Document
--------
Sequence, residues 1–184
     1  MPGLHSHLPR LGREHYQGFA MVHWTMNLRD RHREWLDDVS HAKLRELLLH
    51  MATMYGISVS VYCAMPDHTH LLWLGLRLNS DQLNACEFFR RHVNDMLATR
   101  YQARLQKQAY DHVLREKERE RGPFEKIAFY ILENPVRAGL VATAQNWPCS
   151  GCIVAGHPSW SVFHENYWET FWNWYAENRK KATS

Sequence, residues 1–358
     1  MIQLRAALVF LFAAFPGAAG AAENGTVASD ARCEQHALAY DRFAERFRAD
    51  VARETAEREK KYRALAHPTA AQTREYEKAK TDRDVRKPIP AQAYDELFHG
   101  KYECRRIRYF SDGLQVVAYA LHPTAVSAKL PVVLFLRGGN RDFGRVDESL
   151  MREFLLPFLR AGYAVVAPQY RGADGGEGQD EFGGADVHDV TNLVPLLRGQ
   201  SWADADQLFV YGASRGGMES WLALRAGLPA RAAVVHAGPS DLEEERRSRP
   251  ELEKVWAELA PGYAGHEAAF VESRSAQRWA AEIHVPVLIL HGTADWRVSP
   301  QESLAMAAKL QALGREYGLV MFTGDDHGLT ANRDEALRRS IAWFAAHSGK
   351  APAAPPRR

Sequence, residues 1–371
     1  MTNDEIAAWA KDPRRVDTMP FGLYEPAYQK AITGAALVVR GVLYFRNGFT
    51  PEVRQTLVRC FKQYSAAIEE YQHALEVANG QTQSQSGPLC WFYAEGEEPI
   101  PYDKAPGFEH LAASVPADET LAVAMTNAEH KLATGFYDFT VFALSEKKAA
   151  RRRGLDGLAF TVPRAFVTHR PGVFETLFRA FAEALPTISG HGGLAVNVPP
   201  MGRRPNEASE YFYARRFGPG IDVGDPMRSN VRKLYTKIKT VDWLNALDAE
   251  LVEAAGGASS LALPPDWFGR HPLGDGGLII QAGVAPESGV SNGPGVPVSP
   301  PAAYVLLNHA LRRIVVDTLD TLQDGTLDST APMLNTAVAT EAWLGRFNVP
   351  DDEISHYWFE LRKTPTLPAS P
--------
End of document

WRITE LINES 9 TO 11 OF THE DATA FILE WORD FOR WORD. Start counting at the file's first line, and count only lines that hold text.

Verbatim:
   101  KYECRRIRYF SDGLQVVAYA LHPTAVSAKL PVVLFLRGGN RDFGRVDESL
   151  MREFLLPFLR AGYAVVAPQY RGADGGEGQD EFGGADVHDV TNLVPLLRGQ
   201  SWADADQLFV YGASRGGMES WLALRAGLPA RAAVVHAGPS DLEEERRSRP